Tennessee GOP Kicks Trump-Backed Congressional Candidate Morgan Ortagus off Ballot

The Tennessee GOP Executive Committee has voted to remove three candidates from the ballot for the Congressional District 5 seat, including Trump-backed Republican Morgan Ortagus.

During the Tuesday night vote, members also booted off a popular choice for many in Trump’s base, Robby Starbuck.

Baxter Lee was the third candidate they removed.

“I am deeply disappointed in the party’s State Executive Committee decision,” Ortagus said in a statement:

“I’m a bonafide Republican by their standards, and frankly, by any metric.

“I’m further disappointed that the party insiders at the Tennessee Republican Party do not seem to share my commitment to President Trump’s America First policies.

“As I have said all along, I believe that voters in Middle Tennessee should pick their representative — not establishment party insiders.

“Our team is evaluating the options before us.

“President Donald Trump believes I’m the best person to fight for his America First agenda and Middle Tennessee in Congress, and I’m working hard to ensure that my fellow Tennesseans, including TNGOP SEC members, understand why,” she said.

The state GOP’s executive committee has the authority to remove candidates from the primary ballot for failing to adhere to the party’s bylaws.

Those require a candidate to have voted in three of the last four GOP primaries.

From The AP:

Under Tennessee Republican Party rules, challenges in the Nashville congressional race have been filed over the voting records of Ortagus, small business owner Baxter Lee and video producer Robby Starbuck, according to state GOP chairman Scott Golden.

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Those will be settled by party officials by April 21, Golden said.

Meanwhile, the new state residency requirement had already drawn a lawsuit before it became law.

Ortagus supporters sued, arguing that the state cannot impose stricter residency requirements than those outlined in the U.S. Constitution, which dictates that a congressional candidate be a citizen for at least seven years, at least 25 years old, and an “inhabitant” of the state in which they want to be elected.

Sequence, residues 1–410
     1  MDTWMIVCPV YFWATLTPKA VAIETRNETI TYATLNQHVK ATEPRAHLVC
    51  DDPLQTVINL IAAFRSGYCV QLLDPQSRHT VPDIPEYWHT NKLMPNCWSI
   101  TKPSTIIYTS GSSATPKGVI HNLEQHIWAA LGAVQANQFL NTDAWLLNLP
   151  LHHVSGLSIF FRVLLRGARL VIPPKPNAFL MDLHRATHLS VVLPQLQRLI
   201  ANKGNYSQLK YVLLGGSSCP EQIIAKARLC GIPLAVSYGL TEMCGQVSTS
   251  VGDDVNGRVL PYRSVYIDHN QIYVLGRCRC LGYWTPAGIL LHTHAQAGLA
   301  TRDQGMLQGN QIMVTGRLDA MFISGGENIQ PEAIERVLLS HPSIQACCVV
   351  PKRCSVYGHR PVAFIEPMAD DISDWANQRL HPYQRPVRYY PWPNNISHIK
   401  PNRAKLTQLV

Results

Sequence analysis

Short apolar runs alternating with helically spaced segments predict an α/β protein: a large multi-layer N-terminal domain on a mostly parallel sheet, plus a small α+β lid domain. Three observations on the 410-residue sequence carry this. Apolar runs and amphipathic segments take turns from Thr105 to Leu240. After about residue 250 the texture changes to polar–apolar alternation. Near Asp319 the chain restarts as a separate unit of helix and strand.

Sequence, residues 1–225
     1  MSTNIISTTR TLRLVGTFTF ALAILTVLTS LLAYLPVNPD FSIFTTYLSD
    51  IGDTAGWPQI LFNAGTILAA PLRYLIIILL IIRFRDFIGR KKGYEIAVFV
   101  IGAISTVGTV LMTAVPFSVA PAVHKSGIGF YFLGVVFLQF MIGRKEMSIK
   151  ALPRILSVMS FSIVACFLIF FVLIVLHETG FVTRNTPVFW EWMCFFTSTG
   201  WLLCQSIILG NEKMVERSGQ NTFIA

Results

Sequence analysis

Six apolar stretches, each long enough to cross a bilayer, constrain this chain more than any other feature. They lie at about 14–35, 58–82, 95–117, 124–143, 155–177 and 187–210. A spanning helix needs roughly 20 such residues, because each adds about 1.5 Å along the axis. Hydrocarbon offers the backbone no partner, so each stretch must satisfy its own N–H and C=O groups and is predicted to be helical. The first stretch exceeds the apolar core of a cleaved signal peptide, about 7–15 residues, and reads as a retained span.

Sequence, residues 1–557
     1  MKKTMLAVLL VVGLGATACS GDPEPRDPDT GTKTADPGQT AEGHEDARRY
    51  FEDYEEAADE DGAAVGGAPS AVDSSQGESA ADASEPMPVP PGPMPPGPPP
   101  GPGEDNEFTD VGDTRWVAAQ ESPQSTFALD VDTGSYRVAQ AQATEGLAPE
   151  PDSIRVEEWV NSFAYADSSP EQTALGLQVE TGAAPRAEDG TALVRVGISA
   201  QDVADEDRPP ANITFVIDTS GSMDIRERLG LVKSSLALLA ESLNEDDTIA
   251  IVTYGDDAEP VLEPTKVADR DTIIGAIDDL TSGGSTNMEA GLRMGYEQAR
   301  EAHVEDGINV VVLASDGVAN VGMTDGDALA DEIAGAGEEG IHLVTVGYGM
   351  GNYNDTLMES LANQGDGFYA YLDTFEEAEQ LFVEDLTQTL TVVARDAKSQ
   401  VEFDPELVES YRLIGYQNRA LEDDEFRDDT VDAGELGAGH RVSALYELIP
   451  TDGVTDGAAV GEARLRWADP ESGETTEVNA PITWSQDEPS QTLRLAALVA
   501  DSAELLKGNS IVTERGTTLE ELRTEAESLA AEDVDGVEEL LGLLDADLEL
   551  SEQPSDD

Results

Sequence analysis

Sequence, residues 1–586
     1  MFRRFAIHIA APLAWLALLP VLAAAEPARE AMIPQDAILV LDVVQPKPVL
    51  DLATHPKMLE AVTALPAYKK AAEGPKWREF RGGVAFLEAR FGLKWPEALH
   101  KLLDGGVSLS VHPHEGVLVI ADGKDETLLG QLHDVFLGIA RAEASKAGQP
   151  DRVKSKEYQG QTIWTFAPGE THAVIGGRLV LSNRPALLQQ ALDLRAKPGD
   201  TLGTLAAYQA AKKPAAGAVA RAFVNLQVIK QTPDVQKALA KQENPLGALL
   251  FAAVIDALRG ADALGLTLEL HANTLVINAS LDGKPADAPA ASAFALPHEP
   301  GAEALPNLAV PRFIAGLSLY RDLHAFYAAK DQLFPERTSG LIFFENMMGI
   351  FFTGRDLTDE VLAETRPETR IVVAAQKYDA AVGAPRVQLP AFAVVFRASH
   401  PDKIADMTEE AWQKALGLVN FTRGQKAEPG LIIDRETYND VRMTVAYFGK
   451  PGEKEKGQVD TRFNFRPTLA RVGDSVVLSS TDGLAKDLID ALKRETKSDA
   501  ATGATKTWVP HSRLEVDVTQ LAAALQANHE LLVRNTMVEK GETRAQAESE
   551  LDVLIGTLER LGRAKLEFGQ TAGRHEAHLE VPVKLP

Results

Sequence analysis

The U.S. Supreme Court has previously determined that any requirement not explicitly outlined in the Constitution is out of bounds.

Under the new law, U.S. House and Senate candidates in primary elections are required to meet the same criteria imposed on state legislative candidates, who must be Tennessee residents for at least three years and residents of the county they’ll represent for at least one year “immediately preceding the election.”

Supporters argue the changes are needed to prevent transplants who don’t know the area from securing key political seats.

Specifically, lawmakers began seriously pursuing the topic after Trump announced his endorsement of Ortagus.

The decision ruffled Republicans who point out that Ortagus not only recently moved to Nashville but also Tennessee.

Ortagus was a U.S. State Department spokesperson during the Trump administration.

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By David Hawkins

David Hawkins is a writer who specializes in political commentary and world affairs. He's been writing professionally since 2014.

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